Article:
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Dead ZonesThe Loss of Oxygen from Rivers, Lakes, Seas, and the Ocean$
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David L. Kirchman

Print publication date: 2021

Print ISBN-13: 9780197520376

Published to Oxford Scholarship Online: February 2021

DOI: 10.1093/oso/9780197520376.001.0001

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PRINTED FROM OXFORD SCHOLARSHIP ONLINE (oxford.universitypressscholarship.com). (c) Copyright Oxford University Press, 2021. All Rights Reserved. An individual user may print out a PDF of a single chapter of a monograph in OSO for personal use. date: 24 September 2021

What Happened in 1950?

What Happened in 1950?

Chapter:
(p.52) 4 What Happened in 1950?
Source:
Dead Zones
Author(s):

David L. Kirchman

Publisher:
Oxford University Press
DOI:10.1093/oso/9780197520376.003.0005

This chapter discusses what happened around 1950 that led to the expansion of dead zones. For the Gulf of Mexico, there are many reasons to think the flow of the Mississippi River has changed since the days of Mark Twain, considering the construction of so many levees, dikes, floodways, spillways, weirs, and revetments. Rain-absorbing grasslands and forests have been replaced by asphalt, roof shingles, and other hydrophobic material that hasten rainwater to the Gulf. But the flow of the Mississippi has not changed enough to explain why the Gulf dead zone grew around 1950. As the chapter discusses, what did change was nutrients. It shows that concentrations doubled in the Mississippi River from the 1930s to the 1990s, which stimulated algal growth and production of organic material that eventually led to depletion of dissolved oxygen. In addition to creating dead zones, the increase in nutrients has stimulated harmful algal blooms, leading to fish kills and beach closings.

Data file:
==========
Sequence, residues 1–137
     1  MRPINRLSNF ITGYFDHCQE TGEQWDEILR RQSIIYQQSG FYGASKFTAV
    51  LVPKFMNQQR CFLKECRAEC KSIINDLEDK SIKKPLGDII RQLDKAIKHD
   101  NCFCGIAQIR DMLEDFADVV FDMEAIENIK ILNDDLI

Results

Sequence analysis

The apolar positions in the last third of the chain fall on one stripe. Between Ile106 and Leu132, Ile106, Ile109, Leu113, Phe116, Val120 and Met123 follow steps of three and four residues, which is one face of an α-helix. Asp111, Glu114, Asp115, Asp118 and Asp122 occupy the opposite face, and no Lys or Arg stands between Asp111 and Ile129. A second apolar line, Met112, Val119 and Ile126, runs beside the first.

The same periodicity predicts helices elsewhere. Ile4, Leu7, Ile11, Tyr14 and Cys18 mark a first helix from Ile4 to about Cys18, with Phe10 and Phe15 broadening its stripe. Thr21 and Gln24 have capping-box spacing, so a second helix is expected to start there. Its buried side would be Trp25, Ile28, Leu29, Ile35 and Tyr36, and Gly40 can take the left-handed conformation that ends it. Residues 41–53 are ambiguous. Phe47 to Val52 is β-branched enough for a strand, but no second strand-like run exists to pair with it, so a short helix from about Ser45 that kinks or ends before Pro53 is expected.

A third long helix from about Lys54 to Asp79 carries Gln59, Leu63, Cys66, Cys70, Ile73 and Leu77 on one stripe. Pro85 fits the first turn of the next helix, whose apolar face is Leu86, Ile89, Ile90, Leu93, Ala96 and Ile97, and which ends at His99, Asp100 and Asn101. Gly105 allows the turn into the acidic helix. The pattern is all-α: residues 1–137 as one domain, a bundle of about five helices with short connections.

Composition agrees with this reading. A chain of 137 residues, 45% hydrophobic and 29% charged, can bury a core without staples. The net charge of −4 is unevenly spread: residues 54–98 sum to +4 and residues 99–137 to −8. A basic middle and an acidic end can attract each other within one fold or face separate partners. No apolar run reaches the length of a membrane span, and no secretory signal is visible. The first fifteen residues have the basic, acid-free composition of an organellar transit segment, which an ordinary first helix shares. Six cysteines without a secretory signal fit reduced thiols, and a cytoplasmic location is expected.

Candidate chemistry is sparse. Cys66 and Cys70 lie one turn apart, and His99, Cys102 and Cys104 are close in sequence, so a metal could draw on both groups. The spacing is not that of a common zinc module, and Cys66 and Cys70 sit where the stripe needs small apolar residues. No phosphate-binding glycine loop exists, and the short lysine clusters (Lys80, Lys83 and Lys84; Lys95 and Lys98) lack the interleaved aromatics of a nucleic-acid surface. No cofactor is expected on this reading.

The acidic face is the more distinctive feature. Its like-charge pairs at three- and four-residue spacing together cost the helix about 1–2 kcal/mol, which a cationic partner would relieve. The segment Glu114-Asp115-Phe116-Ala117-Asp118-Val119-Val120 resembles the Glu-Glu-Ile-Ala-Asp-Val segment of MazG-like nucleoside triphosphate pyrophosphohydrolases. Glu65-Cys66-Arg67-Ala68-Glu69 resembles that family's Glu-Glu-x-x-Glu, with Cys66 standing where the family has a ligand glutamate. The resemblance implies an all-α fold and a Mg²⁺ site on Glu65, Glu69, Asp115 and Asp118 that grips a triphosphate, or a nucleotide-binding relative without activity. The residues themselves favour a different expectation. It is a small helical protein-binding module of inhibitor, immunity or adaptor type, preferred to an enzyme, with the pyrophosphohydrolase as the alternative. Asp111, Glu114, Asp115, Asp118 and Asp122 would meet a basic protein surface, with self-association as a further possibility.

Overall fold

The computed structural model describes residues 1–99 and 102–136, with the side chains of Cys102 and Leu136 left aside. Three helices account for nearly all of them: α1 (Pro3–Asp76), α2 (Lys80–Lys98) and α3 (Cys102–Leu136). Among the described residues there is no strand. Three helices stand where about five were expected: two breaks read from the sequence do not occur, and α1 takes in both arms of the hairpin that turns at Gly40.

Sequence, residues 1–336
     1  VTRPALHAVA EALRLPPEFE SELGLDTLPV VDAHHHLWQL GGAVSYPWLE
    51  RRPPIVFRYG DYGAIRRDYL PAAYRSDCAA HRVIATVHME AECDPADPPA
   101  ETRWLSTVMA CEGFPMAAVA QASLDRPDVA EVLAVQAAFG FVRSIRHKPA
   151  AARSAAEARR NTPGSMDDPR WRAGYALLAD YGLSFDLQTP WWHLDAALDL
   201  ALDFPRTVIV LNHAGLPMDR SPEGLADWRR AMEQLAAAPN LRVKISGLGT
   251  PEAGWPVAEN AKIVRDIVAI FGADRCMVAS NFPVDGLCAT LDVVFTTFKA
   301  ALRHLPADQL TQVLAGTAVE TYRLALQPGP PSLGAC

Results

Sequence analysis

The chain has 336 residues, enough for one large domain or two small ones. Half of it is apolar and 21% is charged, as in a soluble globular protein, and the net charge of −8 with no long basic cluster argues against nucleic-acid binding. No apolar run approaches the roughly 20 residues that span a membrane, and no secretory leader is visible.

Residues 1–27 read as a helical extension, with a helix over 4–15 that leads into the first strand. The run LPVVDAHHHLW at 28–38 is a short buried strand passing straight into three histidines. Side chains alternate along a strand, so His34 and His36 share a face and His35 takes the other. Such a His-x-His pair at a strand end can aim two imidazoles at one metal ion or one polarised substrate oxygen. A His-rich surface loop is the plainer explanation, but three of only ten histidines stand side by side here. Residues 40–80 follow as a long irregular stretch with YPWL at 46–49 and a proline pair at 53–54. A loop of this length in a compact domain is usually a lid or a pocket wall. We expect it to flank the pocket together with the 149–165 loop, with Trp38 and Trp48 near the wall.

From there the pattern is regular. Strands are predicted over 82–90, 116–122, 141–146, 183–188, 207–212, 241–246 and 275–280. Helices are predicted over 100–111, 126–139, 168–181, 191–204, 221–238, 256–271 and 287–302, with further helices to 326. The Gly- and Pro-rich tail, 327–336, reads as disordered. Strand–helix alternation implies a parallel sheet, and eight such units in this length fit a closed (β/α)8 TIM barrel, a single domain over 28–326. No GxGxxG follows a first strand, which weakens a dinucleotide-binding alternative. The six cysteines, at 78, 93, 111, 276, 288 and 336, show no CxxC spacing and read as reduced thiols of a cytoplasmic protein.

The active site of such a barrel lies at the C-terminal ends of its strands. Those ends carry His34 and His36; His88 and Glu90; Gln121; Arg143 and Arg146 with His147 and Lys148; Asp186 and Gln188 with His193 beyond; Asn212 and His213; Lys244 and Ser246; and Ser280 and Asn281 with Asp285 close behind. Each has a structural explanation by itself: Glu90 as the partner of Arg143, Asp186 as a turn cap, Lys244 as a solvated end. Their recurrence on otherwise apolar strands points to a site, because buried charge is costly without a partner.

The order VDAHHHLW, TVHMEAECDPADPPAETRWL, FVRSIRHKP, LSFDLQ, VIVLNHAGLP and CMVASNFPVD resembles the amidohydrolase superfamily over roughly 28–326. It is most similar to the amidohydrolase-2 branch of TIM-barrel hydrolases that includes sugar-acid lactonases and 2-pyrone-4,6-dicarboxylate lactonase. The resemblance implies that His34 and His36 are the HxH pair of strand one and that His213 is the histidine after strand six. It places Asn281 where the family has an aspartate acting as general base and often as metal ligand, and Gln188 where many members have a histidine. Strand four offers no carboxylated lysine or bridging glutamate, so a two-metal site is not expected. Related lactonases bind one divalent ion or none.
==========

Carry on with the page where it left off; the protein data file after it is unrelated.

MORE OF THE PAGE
Keywords:   eutrophication, stratification, plant nutrients, harmful algal blooms, wetlands, Mississippi River

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